At US Capitol, Christians protest budget cuts

Christian leaders pray and protest the federal budget cuts President Trump has proposed outside the U.S. Capitol on March 29, 2017. Photo courtesy of Joseph Molieri/Bread for the World

WASHINGTON (RNS) With ashes on their foreheads, sackcloth draped around their necks and the U.S. Capitol as a backdrop, Christians leaders used the words “evil” and “immoral” to describe the federal budget cuts President Trump has proposed and many Republican lawmakers favor.

“It is a time for lamentation,” said the Rev. David Beckmann, explaining the symbols of grief the clergy brought to Capitol Hill on Wednesday (March 29).

Beckmann, president of Bread for the World, a Christian nonprofit that works to combat hunger, gathered with more than two dozen representatives of national churches outside the Capitol complex for a day of protest.

They said their understanding of the Bible compels them to speak out against planned reductions in programs that protect the poor and the environment, provide foreign aid and fund the Justice Department’s civil rights division.

Rev. Barbara Williams-Skinner speaks during a demonstration by Christian leaders opposing President Trump’s proposed budget at the U.S. Capitol on March 29, 2017. RNS photo by Lauren Markoe

How can we tolerate cuts to the civil rights division, asked the Rev. Barbara Williams-Skinner, co-chair of the National African American Clergy Network, “at a time when hate has gone on a rampage in America?”

Trump’s budget blueprint, released earlier this month, calls for deep cuts in social spending and for a significant budget increase for the military. The spending bills that make up the actual federal budget are voted upon by the House and Senate.

After taking turns at the podium, clergy and lay supporters walked to the Senate side of the Capitol, where they placed a waist-high wooden cross on the grass and prayed for the nation’s vulnerable and the strength to confront lawmakers with whom they disagree.

“We ask that you would give us courage, that you would give us boldness, that you would help us to speak truth to power,” the Rev. Leslie Copeland-Tune prayed on behalf of the gathering.

“There cannot be a budget that puts children in danger by defunding after-school programs,” continued Copeland-Tune, head of the Ecumenical Poverty Initiative. “Empower us as we leave this space and go forth to meet with our members of Congress.”

Together, three times, the group sang the hymn “Ubi Caritas,” which translates to “Live in Charity,” and they lifted their arms toward the Capitol dome in a closing prayer.

The coalition of faith leaders, which calls itself the “Circle of Protection,” planned an afternoon of lobbying House and Senate members representing both parties.

Several in the group — which includes representatives from Catholic, mainline Protestant, evangelical, Orthodox and black churches — noted that these denominations often differ from one another on doctrine and tone.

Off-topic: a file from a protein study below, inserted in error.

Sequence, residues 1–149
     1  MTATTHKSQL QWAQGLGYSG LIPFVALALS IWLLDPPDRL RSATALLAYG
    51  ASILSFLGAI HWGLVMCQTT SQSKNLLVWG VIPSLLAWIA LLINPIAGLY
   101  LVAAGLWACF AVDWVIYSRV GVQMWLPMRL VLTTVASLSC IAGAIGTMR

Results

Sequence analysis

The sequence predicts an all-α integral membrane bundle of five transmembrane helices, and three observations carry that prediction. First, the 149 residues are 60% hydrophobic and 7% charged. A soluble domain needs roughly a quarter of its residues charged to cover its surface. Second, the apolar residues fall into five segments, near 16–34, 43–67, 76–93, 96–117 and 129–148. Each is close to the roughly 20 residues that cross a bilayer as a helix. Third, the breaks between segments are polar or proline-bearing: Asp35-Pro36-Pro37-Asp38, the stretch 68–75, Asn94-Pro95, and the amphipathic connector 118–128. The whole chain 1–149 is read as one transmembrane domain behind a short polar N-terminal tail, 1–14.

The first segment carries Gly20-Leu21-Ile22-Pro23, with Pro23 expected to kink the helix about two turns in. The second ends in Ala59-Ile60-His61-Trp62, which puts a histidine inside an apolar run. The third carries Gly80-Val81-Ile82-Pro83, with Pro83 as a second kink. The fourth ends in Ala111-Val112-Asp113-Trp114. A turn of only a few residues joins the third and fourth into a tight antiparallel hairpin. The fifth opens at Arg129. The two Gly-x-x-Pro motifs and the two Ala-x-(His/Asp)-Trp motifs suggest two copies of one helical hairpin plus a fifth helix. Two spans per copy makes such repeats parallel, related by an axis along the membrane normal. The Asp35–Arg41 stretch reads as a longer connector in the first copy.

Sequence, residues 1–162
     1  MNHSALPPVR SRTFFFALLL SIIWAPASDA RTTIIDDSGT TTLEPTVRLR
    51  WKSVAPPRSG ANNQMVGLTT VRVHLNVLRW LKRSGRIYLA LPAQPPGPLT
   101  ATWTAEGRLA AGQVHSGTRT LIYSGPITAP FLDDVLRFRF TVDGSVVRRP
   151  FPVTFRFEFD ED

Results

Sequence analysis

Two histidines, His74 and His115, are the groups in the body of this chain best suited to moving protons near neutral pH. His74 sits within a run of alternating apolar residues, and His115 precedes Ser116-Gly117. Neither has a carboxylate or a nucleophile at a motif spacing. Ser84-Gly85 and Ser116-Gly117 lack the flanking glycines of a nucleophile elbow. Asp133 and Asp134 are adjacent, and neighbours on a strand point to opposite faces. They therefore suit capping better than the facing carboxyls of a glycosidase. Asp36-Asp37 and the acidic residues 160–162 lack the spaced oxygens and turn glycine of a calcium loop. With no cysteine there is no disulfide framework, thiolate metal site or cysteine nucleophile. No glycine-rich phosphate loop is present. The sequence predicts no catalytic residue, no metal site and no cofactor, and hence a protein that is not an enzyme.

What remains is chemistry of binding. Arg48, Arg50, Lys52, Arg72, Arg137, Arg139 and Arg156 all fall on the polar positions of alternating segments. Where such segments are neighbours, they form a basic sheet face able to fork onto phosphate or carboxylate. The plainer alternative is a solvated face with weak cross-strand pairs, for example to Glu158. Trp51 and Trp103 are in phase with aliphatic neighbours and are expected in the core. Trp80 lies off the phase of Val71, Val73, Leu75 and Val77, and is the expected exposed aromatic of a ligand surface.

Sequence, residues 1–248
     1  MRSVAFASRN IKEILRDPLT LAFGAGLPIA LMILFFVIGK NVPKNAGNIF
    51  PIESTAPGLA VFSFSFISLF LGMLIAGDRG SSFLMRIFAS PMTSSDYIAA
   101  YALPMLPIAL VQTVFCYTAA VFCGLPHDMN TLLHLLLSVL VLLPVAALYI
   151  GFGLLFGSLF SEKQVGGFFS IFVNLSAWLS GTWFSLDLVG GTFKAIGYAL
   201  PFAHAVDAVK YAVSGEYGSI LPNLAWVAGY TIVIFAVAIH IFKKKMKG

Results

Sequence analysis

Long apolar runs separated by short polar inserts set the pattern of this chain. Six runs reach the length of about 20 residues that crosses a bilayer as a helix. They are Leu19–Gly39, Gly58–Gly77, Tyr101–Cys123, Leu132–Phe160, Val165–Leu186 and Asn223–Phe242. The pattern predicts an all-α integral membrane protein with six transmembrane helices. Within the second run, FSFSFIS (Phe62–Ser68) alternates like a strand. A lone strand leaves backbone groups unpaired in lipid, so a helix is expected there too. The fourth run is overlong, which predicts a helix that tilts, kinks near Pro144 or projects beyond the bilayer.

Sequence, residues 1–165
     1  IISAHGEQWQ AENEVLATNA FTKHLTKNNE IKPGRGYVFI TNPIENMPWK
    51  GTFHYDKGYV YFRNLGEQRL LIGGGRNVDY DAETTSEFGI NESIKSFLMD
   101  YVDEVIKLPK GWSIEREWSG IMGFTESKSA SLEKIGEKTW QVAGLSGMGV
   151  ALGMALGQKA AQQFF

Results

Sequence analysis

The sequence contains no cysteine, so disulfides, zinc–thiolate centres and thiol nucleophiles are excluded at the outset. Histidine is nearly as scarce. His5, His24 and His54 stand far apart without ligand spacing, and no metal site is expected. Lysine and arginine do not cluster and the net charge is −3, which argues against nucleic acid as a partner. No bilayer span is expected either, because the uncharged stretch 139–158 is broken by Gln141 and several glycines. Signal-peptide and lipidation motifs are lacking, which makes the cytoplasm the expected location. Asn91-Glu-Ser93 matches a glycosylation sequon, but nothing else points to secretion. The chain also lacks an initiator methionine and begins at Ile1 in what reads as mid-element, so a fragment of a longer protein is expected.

But they are united on the biblical mandate to care for the vulnerable. Many times they recited from the Gospel of Matthew 25:3. “Blessed are the poor in spirit, for theirs is the kingdom of heaven.”

Jim Wallis, editor of Sojourners magazine, thanked Rep. Joe Kennedy — a Democrat from Massachusetts and the only lawmaker to attend the event — for invoking the verse during the debate earlier this month over the failed GOP health care bill.

“In times of division and discourse in our government, our faith steadies us,” Kennedy, who is Catholic, told the gathered clergy. “It is our connective thread, and a common compass.”

About the author

Lauren Markoe

Lauren Markoe has been a national reporter for RNS since 2011. Previously she covered government and politics as a daily reporter at the Charlotte Observer and The State (Columbia, S.C.)


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  • The verse is rendered “poor in spirit,” which is not quite the same as poor in material circumstance. Perhaps some judicious pruning is due with respect to the federal budget, but we never seem to be able to find a truly objective and balanced approach to it. However, speaking as an evangelical of conservative bent, it is as much or more the responsibility of wealthy churches and Christian individuals to care for the poor and downtrodden as it is the government’s. Significantly, the Beatitudes are not addressed to the governing authority, but the disciples of Christ.

  • it is time to start taxing all religions. They’ve gone far too long without paying for their opinion in government.

  • Amen Brother! If religious depend on the government to fulfill Christ’s admonition to serve the poor, then those religionists need to pay taxes on their intake in order to provide the government with sufficient resources to do their job for them!

  • ““We ask that you would give us courage, that you would give us boldness,
    that you would help us to speak truth to power,” the Rev. Leslie
    Copeland-Tune prayed on behalf of the gathering.”

    That prayer by Rev. Copeland gets gets it partially correct! In place of her petitioning the government to provide tax dollars required to take care of the poor, she would be more in line with the Christ-way, were she to instead, pray for the courage and boldness in challenging their fellow Christians to follow Christ’s admonitions and sacrufuce both their time and financial resources to care for the poor themselves. Her constituency alsos need boldness and courage to “speak their truth to power”–the power” that power being those wealthy Christians who find it easier to advocate for government’s care of the poor, rather than turning loose of their own abundant resources!